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Global 21 fourth quarter 2015

Arena Health The Netherlands In April 2002 the Netherlands became the first country to legalise assisted dying and euthanasia under the strict conditions that the patient is in unbearable pain and that their demand for death is made in “full consciousness”, and children between the ages of 12 and 16 must require the consent of their parents. In 2010 a lethal cocktail was administered to 3,136 people under medical supervision. Since 2005 there have been an average 15,000 cases of palliative sedation a year, wherein patients who have less than two weeks left to live are put into a medically induced coma with all nutrition and hydration withdrawn, according to the Royal Dutch Medical Association. France In March of this year France passed legislation that gives doctors the power to put terminally ill patients into a “deep sleep” until they die – a move supported by 96 per cent of French people, according to polls. Again, the law applies to patients who are in “unbearable” pain, as well as those for whom treatment has proved ineffective or who have stopped taking medication. The move – one of President François Hollande’s campaign promises – comes ten years after France legalised “passive euthanasia”, in which the treatment needed to maintain life is withheld or withdrawn; under the new law, doctors are able to combine this with deep and continuous sedation. The change in legislation was, in part, triggered by the 2014 suicides of two couples who were in their 80s; one couple took to Le Lutetia, a luxury hotel where they dined in their room and were later found lying hand in hand, plastic bags over their heads and nearby, with a note that claimed “the right to die with dignity”. While Switzerland has allowed assisted suicide since 1942, it was the Netherlands in 2002 that opened the doorway to legalised euthanasia, and other countries soon followed. Belgium made the shift to decriminalise euthanasia in the same year, followed by Luxembourg in 2009 and later by Canada and Colombia. Certain states in the USA – Oregon blazing the trail in 1997 with its Death with Dignity Act, followed by Washington in 2008, Montana the year after, Vermont in 2013, New Mexico 2014 and California in October this year – have joined the ranks since the 1997 United States Supreme Court ruling that each state should be responsible for resolving its own stance on assisted dying. Now the debate on the right to die is again gaining momentum as the population of the developed world grows greyer and greyer: according to figures from the World Bank, low-income countries have an over-65 population averaging 3.4 per cent, while in middle-income countries this figure is at 8.1 and in high-income countries it’s 16 per cent, and growing rapidly. In the UK over- Jeffrey Spector had to travel abroad in search of an assisted death because of the prohibitive laws currently in place in the UK, which ban assisted dying. The case provoked renewed discussion on the issue in the UK 65s represent almost a fifth of the population and in the USA this figure is 14 per cent. Perhaps surprisingly, Switzerland, Belgium and the Netherlands are all on a par with the UK in this regard, having some of the highest numbers of elderly people in the world, with the Netherlands having increased by three per cent in just four years. Japan tops the chart at 25.8 per cent while simultaneously boasting the steepest ageing trajectory in the world. No wonder we’re all anxious about what the future holds. But it isn’t the ageing population that’s championing the right to die; it’s largely the on-looking worried well that are terrified of losing their autonomy. Similarly, it’s largely the onlookers who are admonishing it. In his open letter to The Guardian earlier this year, the UK’s Archbishop of Canterbury equated assisted dying with suicide and otherwise took the view, naturally, of an observer. He talks about how hard it has been for him to sit at someone’s bedside when they have been unwell; he talks about how important it is that “we can show that we love even when people have given up on caring for themselves”. Critics have pointed out that the archbishop’s concerns seem to be less for the suffering of those on the brink of death and more for those who will be left behind and want a clear conscience. “Archbishop Justin Welby’s cri de coeur about the evils of the assisted dying bill is cloaked in social concern, but at its core is standard religious authoritarianism,” writes Dr Christopher Burke in a letter printed in The Observer. “Enacting the bill would not have restrained the archbishop from following his deeply held moral beliefs about his own life. It would have just granted me the right to do the same.” Whichever side you look at, the majority voice is that of the © Lopolo / Shutterstock.com www.global global four th quar ter 2015 -br ief ing.org l 47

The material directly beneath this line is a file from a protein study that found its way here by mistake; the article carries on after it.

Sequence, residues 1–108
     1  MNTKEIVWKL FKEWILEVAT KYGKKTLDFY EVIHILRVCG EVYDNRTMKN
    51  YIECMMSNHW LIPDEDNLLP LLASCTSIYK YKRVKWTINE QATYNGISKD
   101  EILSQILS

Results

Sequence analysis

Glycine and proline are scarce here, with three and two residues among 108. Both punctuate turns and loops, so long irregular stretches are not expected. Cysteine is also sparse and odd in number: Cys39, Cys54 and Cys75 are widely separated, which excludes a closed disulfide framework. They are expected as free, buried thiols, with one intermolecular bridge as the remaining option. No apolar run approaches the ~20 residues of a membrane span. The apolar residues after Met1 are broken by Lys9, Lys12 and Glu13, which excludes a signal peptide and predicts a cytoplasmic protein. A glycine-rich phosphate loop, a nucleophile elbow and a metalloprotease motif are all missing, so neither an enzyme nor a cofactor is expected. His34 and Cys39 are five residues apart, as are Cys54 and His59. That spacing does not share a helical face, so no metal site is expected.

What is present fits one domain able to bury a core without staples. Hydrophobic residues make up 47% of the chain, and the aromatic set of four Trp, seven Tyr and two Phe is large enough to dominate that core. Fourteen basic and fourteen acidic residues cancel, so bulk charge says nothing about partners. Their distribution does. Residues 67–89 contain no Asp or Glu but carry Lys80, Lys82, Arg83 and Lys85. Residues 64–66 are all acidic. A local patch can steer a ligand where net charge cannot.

Global 21 fourth quarter 2015
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